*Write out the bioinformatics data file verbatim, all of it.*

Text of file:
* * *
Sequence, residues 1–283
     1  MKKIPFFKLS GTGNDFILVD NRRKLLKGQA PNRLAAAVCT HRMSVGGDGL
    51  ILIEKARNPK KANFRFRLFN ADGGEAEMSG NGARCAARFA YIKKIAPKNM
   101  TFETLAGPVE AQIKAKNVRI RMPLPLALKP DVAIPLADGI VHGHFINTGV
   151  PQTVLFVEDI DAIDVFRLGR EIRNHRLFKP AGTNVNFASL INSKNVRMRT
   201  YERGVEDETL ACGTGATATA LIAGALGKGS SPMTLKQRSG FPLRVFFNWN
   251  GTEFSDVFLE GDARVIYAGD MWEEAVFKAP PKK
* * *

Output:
Sequence, residues 1–283
     1  MKKIPFFKLS GTGNDFILVD NRRKLLKGQA PNRLAAAVCT HRMSVGGDGL
    51  ILIEKARNPK KANFRFRLFN ADGGEAEMSG NGARCAARFA YIKKIAPKNM
   101  TFETLAGPVE AQIKAKNVRI RMPLPLALKP DVAIPLADGI VHGHFINTGV
   151  PQTVLFVEDI DAIDVFRLGR EIRNHRLFKP AGTNVNFASL INSKNVRMRT
   201  YERGVEDETL ACGTGATATA LIAGALGKGS SPMTLKQRSG FPLRVFFNWN
   251  GTEFSDVFLE GDARVIYAGD MWEEAVFKAP PKK